back to homosexual, New Jersey
|homosexual||New Jersey||2012||Morrow, James. Only Begotten Daughter. New York: William Morrow & Co. (1990); pg. 268.||"Computerized racks elongated the homosexuals' bodies. fusion reactors heated the tongs that seared the Uncertaintists until they renounced their ignorance... "|
|homosexual||New Mexico||2008||England, Terry. Rewind. New York: Avon Books (1997); pg. 31.|| "'Perhaps they don't consider race,' Tom said. 'I can imagine them not even dividing us into separate racial groups. To them, we're all alike, the way the six on the ship looked alike to us. The makeup of the group is balanced in the only aspect they saw as important: gender. Although'-- he rubbed his forehead--'the might not have realized another division, that of homosexuality. I speak from personal experience. I am gay.' He looked around. 'Anyone else?'
No one spoke.
'Another minority represented,' Pete said.
'If you remove the gay from the mix, you have an even balance in gender,' Eddie said. [Six men, six women.]
'I hadn't thought of that,' Tom said. 'I wonder if it's possible.'
'How could they know?' Cheryl said. "
|homosexual||New Mexico||2008||England, Terry. Rewind. New York: Avon Books (1997); pg. 60.||[News report.] "'Our source tells us that the one who calls himself Eddie Thompson also calls himself the 'token black,'... We have also learned that one of the so-called children is gay, but we haven't been able to identify him...' "|
|homosexual||New World||2276||Gloss, Molly. The Dazzle of Day. New York: Tor (1997); pg. 112.||"And though he and Luza had never had a sexual union--Luza was sapphic, her lovers all had been women--people knew that Humberto had loved her for a while, and tried to interest her in loving him... "|
|homosexual||New York||2001||Moffett, Judith. Time, Like an Ever-Rolling Stream. New York: St. Martin's Press (1992); pg. xxx.||"I brooded quite a while over the 'Twenty-Five Years Ago in America' photo, an appalling shot of Central Park right after an 'AIDS Ain't Licked Yet' rally. The Lowenfels vaccine had been discovered earlier that year, 2001, and the gay community--a lot of whose members were already HIV positive--was scared it was just going to be abandoned, so they held a lot of big demonstrations like this one: speeches, posters, slogans. An trash--unbelievable heaps and pools of trash. Abandoned placards all over the ground, newspaper blowing, the grass covered with small 'throw-away' items, many of them obviously made of plastic--cups, spoons, big bags, little bags, clear bags, colored bags, wrappers, all sorts of nameless plastic. stuff. How could they do that? Gather to support a cause so worthy and then behave like pigs and wastrels, like criminals, right there on the holiest ground in all of Manhattan? "|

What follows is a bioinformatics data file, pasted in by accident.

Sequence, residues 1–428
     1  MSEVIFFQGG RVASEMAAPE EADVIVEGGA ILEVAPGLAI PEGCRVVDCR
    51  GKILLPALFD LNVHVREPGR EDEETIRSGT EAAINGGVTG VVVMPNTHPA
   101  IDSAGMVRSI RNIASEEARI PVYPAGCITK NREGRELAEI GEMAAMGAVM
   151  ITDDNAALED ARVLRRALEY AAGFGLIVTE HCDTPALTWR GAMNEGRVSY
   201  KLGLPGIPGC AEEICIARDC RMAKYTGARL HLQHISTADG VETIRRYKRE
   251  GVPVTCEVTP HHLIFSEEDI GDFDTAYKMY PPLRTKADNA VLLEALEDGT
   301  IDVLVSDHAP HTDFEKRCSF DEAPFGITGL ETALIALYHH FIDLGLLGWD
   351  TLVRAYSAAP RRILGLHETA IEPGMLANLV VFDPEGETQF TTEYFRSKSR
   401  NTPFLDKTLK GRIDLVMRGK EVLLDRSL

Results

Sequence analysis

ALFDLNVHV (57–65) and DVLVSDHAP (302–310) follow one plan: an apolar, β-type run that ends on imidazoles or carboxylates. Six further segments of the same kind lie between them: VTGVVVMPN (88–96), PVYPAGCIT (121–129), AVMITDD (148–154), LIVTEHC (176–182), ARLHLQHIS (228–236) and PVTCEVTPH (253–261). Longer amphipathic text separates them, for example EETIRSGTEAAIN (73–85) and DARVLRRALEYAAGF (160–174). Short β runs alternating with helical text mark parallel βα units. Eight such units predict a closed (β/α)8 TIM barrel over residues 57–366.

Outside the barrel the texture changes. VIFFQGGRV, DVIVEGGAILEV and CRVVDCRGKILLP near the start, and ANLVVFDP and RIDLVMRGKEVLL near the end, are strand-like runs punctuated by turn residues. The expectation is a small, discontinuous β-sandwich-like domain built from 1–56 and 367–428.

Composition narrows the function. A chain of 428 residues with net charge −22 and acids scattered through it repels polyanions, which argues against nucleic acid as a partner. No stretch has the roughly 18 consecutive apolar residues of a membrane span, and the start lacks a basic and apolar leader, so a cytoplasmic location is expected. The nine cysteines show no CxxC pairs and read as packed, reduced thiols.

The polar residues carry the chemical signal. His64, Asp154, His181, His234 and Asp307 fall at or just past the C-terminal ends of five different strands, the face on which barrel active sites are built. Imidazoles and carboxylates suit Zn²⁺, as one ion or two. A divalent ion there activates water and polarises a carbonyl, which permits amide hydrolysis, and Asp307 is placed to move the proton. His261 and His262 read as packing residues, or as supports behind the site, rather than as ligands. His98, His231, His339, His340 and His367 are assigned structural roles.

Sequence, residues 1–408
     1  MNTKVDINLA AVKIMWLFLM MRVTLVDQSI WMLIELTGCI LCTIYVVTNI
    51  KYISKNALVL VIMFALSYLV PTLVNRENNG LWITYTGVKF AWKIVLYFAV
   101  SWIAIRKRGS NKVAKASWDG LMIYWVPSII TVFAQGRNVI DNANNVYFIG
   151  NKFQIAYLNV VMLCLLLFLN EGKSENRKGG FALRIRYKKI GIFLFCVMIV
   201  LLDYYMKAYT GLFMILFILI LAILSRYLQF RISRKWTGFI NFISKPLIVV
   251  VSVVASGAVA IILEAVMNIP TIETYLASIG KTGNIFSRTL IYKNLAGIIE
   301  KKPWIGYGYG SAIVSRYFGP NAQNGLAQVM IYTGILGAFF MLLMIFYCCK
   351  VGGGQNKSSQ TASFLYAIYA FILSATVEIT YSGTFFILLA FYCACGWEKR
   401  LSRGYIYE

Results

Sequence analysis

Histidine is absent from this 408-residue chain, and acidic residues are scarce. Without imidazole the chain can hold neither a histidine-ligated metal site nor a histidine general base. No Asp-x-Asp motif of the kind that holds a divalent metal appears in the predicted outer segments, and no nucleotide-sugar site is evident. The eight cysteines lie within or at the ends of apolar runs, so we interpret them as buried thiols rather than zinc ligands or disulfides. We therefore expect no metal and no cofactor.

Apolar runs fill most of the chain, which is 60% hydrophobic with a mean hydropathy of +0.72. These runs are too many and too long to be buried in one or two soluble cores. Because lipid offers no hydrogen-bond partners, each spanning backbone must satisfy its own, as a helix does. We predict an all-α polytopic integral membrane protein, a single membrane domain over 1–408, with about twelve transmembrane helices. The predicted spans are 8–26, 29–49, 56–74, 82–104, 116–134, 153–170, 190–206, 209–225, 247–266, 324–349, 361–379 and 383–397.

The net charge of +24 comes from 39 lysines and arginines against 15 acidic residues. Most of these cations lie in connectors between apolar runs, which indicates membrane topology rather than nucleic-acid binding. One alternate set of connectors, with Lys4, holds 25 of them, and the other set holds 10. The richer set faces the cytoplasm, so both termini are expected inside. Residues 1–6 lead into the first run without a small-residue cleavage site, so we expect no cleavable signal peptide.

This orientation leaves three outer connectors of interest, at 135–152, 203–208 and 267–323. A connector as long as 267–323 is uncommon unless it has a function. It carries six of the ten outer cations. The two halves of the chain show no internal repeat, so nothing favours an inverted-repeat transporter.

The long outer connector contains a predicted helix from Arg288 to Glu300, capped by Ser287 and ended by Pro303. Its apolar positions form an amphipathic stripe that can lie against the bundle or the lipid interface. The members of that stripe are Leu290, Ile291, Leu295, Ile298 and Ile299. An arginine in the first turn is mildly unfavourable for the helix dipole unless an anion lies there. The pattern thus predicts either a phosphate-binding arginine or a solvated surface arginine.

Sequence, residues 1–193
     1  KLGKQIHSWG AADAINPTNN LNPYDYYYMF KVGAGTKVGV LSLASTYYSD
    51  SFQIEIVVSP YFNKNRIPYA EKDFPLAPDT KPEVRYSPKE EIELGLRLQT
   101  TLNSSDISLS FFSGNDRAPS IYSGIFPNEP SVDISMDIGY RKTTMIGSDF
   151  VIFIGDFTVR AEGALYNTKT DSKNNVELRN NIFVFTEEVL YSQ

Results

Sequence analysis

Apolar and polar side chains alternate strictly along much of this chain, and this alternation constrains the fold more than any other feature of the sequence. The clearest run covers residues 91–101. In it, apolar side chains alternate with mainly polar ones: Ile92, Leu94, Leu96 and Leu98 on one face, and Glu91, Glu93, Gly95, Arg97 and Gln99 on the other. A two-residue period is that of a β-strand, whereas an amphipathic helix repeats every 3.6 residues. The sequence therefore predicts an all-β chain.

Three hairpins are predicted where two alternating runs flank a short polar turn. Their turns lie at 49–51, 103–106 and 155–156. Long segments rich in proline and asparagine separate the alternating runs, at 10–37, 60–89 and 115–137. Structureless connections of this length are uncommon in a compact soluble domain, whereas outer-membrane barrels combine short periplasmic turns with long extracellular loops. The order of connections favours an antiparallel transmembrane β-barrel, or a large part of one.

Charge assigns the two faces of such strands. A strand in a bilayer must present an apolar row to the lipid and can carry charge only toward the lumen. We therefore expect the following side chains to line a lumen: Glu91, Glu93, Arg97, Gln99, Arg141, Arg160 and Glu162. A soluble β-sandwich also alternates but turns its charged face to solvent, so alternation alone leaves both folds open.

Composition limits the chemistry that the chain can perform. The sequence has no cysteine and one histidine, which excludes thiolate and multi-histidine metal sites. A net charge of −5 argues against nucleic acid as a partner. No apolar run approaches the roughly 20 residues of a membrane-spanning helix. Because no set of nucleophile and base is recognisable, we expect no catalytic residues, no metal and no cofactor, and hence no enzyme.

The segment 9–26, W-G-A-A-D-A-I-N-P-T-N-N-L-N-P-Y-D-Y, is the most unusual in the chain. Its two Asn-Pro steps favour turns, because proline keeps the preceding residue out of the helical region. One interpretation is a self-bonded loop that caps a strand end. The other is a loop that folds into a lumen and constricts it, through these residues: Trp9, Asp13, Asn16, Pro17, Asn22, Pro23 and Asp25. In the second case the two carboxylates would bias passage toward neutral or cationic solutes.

|homosexual||New York||2020||Vonnegut Jr., Kurt. Player Piano. New York: Delacorte Press (1952); pg. 74.||"He used words to describe his feelings that Paul could never bring himself to use when speaking of a friend: love, affection, and other words generally consigned to young and inexperienced lovers. It wasn't homosexual; it was an archaic expression of friendship by an undisciplined man in an age when most men seemed in mortal fear of being mistaken for pansies for even a split second. "|
|homosexual||New York: New York City||1975||Russ, Joanna. The Female Man. New York: G. K. Hall (1977; 1975); pg. 141.||Pg. 141: "feminine lack of objectivity . . . this pretense at a novel . . . trying to shock . . . the tired tricks of the anti-novelists . . . how often must a poor critic have to . . . the usual boring obligatory references to Lesbianism . . . denial of the profound sexual polarity which . . . an all too womanly refusal to face facts . . . pseudo-masculine brusqueness... "; Pg. 187: "Maddened Lesbians did not put cigarette butts out on her breasts, propaganda to the contrary ";
Pg. 209: "Now they'll tell me it's because I'm a Lesbian, I mean that's why I'm dissatisfied with things. That's not true. It's not because I'm a Lesbian. It's because I'm a tall, blonde, blue-eyed Lesbian.
Does it count if it's your best friend? Does it count if it's your mind you love through her body? Does it count if you love men's bodies but hate men's minds? Does it count if you still love yourself? "